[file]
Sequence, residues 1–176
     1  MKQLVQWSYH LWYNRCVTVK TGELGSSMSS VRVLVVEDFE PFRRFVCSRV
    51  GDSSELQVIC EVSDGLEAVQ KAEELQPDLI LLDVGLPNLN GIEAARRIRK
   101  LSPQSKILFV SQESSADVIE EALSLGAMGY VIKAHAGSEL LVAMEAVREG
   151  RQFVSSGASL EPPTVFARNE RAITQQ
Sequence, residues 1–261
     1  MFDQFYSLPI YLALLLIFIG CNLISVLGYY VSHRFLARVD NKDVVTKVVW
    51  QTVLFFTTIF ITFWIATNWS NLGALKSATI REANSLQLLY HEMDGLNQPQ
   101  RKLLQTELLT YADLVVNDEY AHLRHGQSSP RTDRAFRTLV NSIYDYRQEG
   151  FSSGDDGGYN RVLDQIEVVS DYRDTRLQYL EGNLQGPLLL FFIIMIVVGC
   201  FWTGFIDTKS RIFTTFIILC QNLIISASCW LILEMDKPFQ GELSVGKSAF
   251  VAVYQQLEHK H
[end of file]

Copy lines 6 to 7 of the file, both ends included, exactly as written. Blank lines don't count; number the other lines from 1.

Sequence, residues 1–261
     1  MFDQFYSLPI YLALLLIFIG CNLISVLGYY VSHRFLARVD NKDVVTKVVW